The cotton industry needs a collective effort by all of its stakeholders to advance.
As the planting season approaches on the High Plains of Texas, stakeholders related to the industry gathered in Lubbock, TX, to discuss the upcoming planting season, cotton market situation and federal support programs.
Researchers from Texas AgriLife Research and Extension, Texas Tech University and USDA presented scenarios with regard to pest management, weed control, moisture situation and more. With the medium to long-term climatic conditions showing above average precipitations for the High Plains region, this season should be very positive for cotton.
Global demand of cotton is good, which may also be a driver for more cotton planting in the High Plains.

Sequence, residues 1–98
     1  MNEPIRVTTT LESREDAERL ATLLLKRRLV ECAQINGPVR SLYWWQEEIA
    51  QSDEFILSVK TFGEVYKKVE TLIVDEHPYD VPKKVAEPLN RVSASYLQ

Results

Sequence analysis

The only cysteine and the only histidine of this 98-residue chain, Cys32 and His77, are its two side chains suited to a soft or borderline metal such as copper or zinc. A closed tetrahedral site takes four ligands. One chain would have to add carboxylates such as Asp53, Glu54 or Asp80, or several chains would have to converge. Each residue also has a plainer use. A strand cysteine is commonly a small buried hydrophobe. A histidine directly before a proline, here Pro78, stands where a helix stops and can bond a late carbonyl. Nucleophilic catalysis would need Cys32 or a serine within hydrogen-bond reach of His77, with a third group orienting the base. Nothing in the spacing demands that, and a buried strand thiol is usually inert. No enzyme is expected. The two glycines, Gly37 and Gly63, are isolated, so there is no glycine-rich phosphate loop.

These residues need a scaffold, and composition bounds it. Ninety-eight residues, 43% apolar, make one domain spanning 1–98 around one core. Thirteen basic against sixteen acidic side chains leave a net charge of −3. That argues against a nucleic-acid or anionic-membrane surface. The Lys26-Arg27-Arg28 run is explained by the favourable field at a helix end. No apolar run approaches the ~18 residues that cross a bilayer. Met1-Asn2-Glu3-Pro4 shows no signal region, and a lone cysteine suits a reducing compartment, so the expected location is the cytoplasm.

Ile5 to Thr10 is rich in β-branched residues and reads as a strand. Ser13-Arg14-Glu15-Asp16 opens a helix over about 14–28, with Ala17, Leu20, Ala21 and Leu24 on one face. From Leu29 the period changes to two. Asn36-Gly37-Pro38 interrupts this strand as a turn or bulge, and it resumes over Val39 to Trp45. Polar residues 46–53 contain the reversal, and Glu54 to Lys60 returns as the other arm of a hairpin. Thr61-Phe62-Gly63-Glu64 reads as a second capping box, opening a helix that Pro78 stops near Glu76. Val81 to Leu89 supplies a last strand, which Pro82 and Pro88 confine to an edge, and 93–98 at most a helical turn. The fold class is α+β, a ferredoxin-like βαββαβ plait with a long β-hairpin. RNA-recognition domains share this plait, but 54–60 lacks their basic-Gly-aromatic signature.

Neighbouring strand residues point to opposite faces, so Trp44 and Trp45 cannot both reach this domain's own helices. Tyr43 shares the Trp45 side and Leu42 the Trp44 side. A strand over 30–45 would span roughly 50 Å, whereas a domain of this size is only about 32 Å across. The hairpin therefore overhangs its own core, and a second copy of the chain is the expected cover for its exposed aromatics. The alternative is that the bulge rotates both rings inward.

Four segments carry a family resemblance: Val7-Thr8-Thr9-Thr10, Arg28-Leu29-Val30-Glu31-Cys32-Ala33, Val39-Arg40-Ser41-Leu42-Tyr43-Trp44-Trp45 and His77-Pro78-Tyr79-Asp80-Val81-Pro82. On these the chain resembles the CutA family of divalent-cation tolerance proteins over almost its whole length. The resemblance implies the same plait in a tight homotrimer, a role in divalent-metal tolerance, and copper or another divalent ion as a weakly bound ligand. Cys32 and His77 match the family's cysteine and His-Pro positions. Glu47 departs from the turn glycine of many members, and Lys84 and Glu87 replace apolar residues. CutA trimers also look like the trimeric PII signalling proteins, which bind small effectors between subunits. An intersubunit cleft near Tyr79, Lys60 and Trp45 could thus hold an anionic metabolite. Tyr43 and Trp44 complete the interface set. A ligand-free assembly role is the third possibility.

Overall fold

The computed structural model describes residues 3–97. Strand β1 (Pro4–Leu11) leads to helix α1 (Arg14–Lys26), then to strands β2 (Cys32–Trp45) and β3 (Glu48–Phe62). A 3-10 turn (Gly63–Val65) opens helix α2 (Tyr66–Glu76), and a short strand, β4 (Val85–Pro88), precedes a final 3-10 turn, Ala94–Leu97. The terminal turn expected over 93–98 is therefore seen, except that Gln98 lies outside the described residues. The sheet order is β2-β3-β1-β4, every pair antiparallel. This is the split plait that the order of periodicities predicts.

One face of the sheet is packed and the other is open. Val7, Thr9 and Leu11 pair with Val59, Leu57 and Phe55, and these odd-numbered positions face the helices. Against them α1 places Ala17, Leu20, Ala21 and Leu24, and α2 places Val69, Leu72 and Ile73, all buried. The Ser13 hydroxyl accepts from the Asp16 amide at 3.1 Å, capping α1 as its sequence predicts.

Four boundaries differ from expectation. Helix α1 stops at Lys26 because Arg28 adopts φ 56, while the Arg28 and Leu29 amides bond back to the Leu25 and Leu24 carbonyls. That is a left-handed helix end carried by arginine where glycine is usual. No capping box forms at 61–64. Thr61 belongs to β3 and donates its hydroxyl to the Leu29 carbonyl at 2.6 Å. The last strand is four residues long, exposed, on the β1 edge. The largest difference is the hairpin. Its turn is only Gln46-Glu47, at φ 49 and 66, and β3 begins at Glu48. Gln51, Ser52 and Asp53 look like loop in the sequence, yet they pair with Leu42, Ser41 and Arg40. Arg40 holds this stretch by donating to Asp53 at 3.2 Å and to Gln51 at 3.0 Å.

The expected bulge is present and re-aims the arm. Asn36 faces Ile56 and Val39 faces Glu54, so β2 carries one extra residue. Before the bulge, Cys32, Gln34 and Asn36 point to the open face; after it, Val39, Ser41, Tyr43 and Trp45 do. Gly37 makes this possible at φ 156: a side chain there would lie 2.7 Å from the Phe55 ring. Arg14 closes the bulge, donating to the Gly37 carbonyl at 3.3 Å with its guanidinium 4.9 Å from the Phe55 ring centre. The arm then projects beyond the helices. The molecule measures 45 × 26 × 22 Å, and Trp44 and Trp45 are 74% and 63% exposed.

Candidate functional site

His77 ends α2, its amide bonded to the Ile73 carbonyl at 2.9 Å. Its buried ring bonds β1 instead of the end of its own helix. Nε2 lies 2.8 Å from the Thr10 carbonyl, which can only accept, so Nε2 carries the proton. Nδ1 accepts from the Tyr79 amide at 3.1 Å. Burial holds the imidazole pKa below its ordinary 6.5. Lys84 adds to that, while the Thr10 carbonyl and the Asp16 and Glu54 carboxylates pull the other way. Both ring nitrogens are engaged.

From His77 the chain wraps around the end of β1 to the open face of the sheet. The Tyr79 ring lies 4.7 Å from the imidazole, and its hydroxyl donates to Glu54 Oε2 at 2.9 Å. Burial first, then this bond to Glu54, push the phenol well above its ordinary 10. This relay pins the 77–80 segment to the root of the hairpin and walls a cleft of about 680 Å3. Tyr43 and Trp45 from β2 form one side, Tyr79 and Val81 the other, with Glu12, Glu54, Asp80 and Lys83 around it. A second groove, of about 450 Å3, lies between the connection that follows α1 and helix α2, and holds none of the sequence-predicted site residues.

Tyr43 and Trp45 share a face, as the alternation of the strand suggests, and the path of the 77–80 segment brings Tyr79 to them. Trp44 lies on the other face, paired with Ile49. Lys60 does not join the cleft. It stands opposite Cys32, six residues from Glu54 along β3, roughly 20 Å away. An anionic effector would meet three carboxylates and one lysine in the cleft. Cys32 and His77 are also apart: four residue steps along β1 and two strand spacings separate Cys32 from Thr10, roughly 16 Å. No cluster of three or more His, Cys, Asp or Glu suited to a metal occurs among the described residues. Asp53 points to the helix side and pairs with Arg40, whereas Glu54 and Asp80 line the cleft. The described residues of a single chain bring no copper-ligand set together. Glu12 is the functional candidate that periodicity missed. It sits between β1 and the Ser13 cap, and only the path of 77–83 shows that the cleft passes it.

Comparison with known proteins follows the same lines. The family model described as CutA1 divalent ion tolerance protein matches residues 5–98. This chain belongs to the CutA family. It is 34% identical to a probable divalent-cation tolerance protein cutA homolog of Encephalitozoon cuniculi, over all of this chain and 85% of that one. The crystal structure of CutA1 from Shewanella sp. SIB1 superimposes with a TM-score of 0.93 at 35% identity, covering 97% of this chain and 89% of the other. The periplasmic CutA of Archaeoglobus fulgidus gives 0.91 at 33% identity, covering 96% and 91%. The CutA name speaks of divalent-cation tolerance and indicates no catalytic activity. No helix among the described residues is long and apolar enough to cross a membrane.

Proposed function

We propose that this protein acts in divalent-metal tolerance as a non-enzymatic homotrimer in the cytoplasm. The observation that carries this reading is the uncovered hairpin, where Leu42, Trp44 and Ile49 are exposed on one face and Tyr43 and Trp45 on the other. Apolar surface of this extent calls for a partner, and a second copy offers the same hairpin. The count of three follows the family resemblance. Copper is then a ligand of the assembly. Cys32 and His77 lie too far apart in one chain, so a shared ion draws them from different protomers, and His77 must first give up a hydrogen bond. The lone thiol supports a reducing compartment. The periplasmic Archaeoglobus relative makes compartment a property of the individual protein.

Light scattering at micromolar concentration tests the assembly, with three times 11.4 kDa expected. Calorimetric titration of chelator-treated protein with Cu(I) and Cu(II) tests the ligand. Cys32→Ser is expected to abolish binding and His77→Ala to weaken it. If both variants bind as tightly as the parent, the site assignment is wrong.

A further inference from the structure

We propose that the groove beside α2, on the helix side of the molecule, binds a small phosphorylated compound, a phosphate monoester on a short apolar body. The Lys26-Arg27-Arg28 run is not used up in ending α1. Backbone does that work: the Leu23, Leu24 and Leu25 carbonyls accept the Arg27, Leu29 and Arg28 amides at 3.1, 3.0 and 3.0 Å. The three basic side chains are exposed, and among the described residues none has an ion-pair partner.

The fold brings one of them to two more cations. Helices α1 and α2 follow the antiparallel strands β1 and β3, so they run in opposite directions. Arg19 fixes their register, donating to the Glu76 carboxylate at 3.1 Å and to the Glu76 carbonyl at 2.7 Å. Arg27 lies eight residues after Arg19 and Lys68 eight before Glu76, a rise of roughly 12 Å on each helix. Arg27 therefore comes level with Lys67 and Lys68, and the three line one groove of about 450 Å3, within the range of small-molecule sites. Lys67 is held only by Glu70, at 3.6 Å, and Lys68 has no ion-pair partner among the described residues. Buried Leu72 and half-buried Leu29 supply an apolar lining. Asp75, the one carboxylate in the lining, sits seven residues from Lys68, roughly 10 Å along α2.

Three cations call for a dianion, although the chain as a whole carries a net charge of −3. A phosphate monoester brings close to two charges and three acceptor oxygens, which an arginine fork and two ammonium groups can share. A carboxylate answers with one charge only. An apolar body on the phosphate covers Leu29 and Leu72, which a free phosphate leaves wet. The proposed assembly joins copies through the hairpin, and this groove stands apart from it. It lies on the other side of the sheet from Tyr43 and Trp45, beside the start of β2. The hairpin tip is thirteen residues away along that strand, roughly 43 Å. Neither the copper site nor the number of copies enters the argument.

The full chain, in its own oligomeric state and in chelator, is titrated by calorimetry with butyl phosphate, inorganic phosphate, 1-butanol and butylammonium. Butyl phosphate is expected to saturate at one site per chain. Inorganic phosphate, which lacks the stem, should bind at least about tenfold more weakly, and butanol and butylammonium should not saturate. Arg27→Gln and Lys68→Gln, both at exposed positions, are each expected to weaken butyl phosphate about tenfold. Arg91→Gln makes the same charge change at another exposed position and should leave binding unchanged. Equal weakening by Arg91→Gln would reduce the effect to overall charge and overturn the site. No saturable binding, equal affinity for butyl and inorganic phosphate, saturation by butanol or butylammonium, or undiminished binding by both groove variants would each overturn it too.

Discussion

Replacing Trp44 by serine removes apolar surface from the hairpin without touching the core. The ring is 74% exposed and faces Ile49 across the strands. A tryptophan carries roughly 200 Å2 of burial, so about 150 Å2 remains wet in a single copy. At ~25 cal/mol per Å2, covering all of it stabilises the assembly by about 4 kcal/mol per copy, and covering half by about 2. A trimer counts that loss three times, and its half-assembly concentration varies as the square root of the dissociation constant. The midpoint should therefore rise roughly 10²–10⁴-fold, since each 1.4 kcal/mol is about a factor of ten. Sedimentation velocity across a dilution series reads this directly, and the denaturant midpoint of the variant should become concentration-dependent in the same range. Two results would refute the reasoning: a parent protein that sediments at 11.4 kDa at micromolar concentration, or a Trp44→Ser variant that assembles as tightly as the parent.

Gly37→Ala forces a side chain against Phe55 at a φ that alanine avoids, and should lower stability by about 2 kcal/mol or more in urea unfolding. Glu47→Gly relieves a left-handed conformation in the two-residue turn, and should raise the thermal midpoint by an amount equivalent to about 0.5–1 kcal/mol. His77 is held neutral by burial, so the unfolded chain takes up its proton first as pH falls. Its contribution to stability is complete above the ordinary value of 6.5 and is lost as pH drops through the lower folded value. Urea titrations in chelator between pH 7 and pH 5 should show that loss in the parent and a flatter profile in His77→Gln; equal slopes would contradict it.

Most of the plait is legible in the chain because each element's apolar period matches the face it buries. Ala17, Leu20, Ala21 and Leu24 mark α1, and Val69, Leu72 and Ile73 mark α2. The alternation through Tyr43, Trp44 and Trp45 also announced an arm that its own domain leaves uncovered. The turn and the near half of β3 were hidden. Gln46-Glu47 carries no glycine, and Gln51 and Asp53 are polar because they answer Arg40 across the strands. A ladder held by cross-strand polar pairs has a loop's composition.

However, cotton, being a non-food crop, is subjected to many uncertainties such as consumer demand, price volatility, competition from other cotton-producing countries and cost of production. With a heavy dependency on weather, safety net policies are needed to help sustain advancements in cotton and production agriculture in general.
Steve Verett, executive vice president of Plains Cotton Growers, emphasized to the group the importance of collaborative efforts among all stakeholders to carry through stressful situations, which the U.S. cotton industry has been facing recently.
The global textile and cotton industry – whether a major cotton producer like India or leading apparel producer like Bangladesh – needs to have strong associations such as those in the United States to take care of the needs of their producers and manufacturers.
More importantly, when it comes to advocating support structure to the respective governments, while appreciating the contributions of other allied industries, such associations are vital. In the United States, associations such as Plains Cotton Growers, Memphis-based National Cotton Council and the National Council of Textile Organizations play a vital role to support and advance the industry.